Henry Edwards-Wood is a man who knows a lot about protecting his city’s resources. The brains behind the Long Live Southbank campaign, the twenty-six-year-old Londoner has been working tirelessly for the past year to prevent the iconic Southbank Undercroft — the oldest continuously skated spot in the world — being turned into shops and restaurants under plans from the Southbank Centre (owner of the site). Perhaps telling of the bond skateboarders share, Edwards-Wood wasn’t surprised at the outpouring of support the campaign received from the global skate community.
“The biggest revelation was seeing how much the general public love the Undercroft and support what we’re doing,” he says. “The level of support from your average passerby has been overwhelming. For years we felt like these outcasts doing our thing while people walked past and laughed and stared, but when you’re campaigning on the tables everyday you realise just how much Londoner’s love the space and love what we do there.”
Looking at the bigger picture, Edwards-Wood believes the positive, grassroots, DIY attitude of the spot transcends the skate world. “It’s one of very few places in London that’s made by the people for the people rather than the usual homogenised and dictated culture provided by corporations,” he states. “I think that is partly why the campaign has been so successful — whether you skate or not, everyone sees it as a beacon of the people.”
To date, LLSB has over 120,000 members and the Southbank Centre has received over 40,000 individual objections to their plans to demolish the site. The efforts of the campaign have contributed to making the planning application the most unpopular in UK history. Even the Mayor of London, Boris Johnson, has shown his support. “It was a breath of fresh air to see a politician come out and support politically active young people standing up for what they believe in,” says Edwards-Wood.
With regards to the potential the ready-made community of passionate, individually minded skateboarders represents in the wider social sphere, Edwards-Wood hints that society as a whole could learn a thing or two from the skate world. “One of the things LLSB has been championing is the diverse nature of what we do there,” he explains. “People from all walks of life come together in a linear community; we learn to coexist, to share space and to sort out our differences peacefully. I think a lot of funded arts institutions can learn a lot from us and how we operate without funding or a governing body and how engaging that is for young people.”
So what is it about skateboarders that makes them prone to heading to the proverbial picket line? Edwards-Wood has a hunch: “I think a lot of people start skating because they have certain values that don’t quite fit in with the competitive world of sport or the superficial world of fashion,” he contemplates. “You start to see the world more objectively when you skate. You see through the mainstream programming of the everyday person and learn to express yourself freely and challenge the status quo in a non-aggressive and creative way.”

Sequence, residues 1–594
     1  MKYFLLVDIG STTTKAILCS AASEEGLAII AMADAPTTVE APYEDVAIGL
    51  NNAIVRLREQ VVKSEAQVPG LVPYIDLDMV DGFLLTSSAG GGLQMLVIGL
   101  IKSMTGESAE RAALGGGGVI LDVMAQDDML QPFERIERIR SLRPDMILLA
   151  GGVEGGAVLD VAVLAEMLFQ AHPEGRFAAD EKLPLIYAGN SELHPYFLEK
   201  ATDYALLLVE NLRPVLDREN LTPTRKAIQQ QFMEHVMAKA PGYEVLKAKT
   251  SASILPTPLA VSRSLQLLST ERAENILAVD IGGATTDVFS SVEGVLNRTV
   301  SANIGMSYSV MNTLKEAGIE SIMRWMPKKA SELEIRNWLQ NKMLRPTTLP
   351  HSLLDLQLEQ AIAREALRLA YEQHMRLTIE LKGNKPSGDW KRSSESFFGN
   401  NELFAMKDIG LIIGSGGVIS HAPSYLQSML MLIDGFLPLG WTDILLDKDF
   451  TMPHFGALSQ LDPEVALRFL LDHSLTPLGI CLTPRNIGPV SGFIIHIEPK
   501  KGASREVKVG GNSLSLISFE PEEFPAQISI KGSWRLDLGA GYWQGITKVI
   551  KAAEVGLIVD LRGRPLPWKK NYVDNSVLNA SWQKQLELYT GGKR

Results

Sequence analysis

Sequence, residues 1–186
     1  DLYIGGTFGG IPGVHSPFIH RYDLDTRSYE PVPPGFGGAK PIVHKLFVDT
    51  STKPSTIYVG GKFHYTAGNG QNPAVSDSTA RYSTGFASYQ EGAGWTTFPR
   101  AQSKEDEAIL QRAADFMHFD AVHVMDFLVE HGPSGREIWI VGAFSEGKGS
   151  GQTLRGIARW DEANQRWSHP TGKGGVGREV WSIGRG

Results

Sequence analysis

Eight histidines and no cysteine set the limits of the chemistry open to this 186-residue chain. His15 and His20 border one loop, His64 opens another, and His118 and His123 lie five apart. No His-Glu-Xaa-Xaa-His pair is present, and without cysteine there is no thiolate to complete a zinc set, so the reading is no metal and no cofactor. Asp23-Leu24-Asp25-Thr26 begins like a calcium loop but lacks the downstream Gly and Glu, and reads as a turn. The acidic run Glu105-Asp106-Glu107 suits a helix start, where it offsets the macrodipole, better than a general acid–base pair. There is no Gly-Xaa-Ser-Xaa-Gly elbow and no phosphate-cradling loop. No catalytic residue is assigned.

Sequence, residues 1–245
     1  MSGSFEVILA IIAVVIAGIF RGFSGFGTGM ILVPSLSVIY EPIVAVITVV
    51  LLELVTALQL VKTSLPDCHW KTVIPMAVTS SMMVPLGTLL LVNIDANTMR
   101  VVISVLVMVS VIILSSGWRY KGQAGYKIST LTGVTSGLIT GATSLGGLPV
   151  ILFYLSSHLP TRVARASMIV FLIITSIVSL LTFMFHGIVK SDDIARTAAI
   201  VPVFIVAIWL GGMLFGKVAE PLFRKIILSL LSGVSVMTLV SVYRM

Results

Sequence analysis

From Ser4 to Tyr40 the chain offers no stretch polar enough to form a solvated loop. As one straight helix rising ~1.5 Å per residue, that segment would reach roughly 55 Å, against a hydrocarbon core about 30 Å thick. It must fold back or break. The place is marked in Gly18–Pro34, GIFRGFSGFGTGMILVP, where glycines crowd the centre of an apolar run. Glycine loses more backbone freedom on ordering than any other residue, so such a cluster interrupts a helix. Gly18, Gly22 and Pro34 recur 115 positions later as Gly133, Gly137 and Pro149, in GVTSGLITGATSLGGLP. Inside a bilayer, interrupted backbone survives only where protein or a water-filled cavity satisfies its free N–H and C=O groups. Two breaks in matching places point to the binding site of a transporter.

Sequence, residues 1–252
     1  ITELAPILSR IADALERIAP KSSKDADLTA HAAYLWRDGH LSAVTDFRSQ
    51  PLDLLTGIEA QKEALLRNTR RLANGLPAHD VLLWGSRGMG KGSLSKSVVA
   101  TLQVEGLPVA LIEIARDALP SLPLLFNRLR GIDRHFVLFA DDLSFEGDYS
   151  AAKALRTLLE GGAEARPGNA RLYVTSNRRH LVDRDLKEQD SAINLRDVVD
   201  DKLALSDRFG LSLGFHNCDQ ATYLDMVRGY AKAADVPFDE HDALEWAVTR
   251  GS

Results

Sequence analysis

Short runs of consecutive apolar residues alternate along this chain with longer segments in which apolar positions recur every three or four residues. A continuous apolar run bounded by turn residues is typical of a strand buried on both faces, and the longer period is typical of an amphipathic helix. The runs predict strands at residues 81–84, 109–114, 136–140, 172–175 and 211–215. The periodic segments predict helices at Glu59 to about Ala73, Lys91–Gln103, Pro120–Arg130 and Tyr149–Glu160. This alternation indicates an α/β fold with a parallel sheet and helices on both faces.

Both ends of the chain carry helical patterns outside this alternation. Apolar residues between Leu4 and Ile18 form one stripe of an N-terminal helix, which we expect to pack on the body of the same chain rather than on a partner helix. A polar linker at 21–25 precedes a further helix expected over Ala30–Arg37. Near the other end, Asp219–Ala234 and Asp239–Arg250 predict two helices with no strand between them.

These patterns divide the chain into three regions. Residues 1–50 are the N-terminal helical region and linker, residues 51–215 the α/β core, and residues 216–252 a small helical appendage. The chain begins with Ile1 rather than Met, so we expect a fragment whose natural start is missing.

For many young skateboarders in the UK, the LLSB campaign may be their first experience of joining a cause and fighting for something they believe in. And at the heart of it, they’re fighting for culture, their culture, and to keep it from the far-reaching tentacles of modern capitalism.
What campaigns such as LLSB and Skateistan are doing, whether consciously or not, is letting a new generation of young people know that it’s okay to question everything, and that it’s possible to make changes — no matter how big or small they may seem at the time. “Skateboarding is all about creative and positive rebellion,” says Edwards-Wood. “It’s a way to live outside of the normal scope of society, by seeing the world as a playground and a canvas. We bend the rules without hurting anyone and we rebel by expressing ourselves in our often-oppressive environment by turning it into something more exciting. This is massively empowering for a disenfranchised youth.”
Challenging the status quo, as Edwards-Wood puts it, especially when it comes to how we treat the youth, is a notion close to Oliver Percovich’s heart. And while he talks a lot about how skateboarding is positively influencing the lives of children in Kabul, he acknowledges that all young people deserve more opportunities. “The youth are a good investment,” he says. “Young people are definitely the most creative in our society. I'd give some of the largest problems in the world to twelve-year-olds. As we get older we lose a lot of our creative potential, society and the education system pushes you to think in a very linear way. Largely, across the world, the youth don’t really get consulted — even in Western societies. And that’s to the detriment of everyone. An investment in youth, in any sphere, has so much untapped potential. Hopefully that’s one legacy from Skateistan — that the youth will be taken more seriously.”